i graves who might be saved by the timely
I ue of Dr. Pierce's “Golden Mislical Discov
ery," which is a positive cure for consump
tion In its early stages. It is the best altera
tive and pectoral in the world. All drug
THE MORNING NEWS: WEDNESDAY, JUNE 22, 1887.
AMATEURS WIN AGAIN.
They Defeat the Orientals in a Sharp
ly Contested Game.
The Amateurs added another to their list
of victories yesterday, defeating the Orien
tals by a score of 9to 4. It was a prettily
play-1 game on both sides, and was wit
nessed by a good crowd. The Amateurs
out-hatted The Orientals, but the latter team
played a better fielding game, Butler
pitched for the Amateurs and Seanlon for
the Orientals. Both were very effective.
The following is the score:
A.B. R. Ib. P.O. A. E.
Burier. p 4 1 2 3 8 1
Williams, s. s 4 1 1 4 1 0
Pans* in, 3b 4 1 0 1 0 8
MeliviUe, r. f 4 1 1 1 2 1
Mercer, c f 4 2 33 l 0
I‘ppenheimer, 2b 4 2 1 4 1 0
Ham, c 4 1 1 5 2 1
Ennis. !. f 4 0 2 1 0 0
King, C. lb 4 0 0 6 0 2
Totals 36 9 11 27 16 9
~ . , , AB. R. 18. P.O. A. E.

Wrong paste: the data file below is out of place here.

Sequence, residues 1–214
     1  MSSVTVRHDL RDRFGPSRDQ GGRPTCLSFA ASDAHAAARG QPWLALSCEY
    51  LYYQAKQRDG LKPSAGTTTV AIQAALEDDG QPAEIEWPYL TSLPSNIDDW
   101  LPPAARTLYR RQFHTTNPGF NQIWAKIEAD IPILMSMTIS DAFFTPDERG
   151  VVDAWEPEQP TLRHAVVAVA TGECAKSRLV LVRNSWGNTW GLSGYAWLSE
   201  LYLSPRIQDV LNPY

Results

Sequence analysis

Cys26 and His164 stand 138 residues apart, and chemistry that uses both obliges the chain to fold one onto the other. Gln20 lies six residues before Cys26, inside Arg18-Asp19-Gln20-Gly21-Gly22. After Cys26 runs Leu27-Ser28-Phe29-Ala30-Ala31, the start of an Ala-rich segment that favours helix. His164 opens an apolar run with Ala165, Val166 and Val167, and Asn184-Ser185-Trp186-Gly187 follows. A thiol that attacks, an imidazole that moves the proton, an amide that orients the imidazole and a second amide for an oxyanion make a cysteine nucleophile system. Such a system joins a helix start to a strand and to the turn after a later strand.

Murphy, l.f 4 0 l 2 1 0
•Scanlon, p 3 0 1 1 8 0
Lovett. 2b. and c 4 0 1 2 1 1
c. and 2b 4 1 0 7 2 0
furlong, lb 4 0 0 8 0 0
u'Conuor. s.s 4 110 2 1
Buckley, r.f 4 1 2 0 0 0
Shreek. 3b 4 1 1 3 1 2
Curry, c.f 4 0 0 1 0 1
Totals. 85 4 7 24 15 "5
12345 6 7 8 9
Amateurs. 1 1 0 2 0 1 0 4 x—9
Runs earned—Amateur 2.
Two-base hits—Enuis. O'Connor, Buckley.
Double plays--Mercer and O'Connor.
Bases on balls—By Scanlan 1.
Bases given for bitting man with ball—Butler
Passed balls—Ham 2, Quinley 3.
Struck out—By Butler 6, Scanlan 4.
Bases stolen—Murphy 1, Quinley 1, Schrick 1.
Scanlan 2, Butler 2. Dausoii 1. Melville 2, Mercer
4. Oppenheirner 1, Ham, 1, Ennis 1.
Time of game—2 hours.
Charleston Wins Again.
Nashville, June 21.—Nashville let
Charleston walk all over her to-day again,
apparently making no effort to hit Smith,
while Charleston played a good game. The
crowd got very tired' before the game was
over. Charleston went to Memphis to-night.
The score to-day was:
Nashville 1 0 0 0 0 0 0 1 0— 2
Charleston 0002001 4 x— 7
Batterie6--Nashvil’e, Masran and Nicholas;
Charleston, Smith and Childs.
Base hits—Nashville 8, Charleston 13.
Errors -Nashville 6. Charleston 1.
At New York—
Metropolitans .. 000001 1 0 2 4
Athletic 030020 3 Ox— 8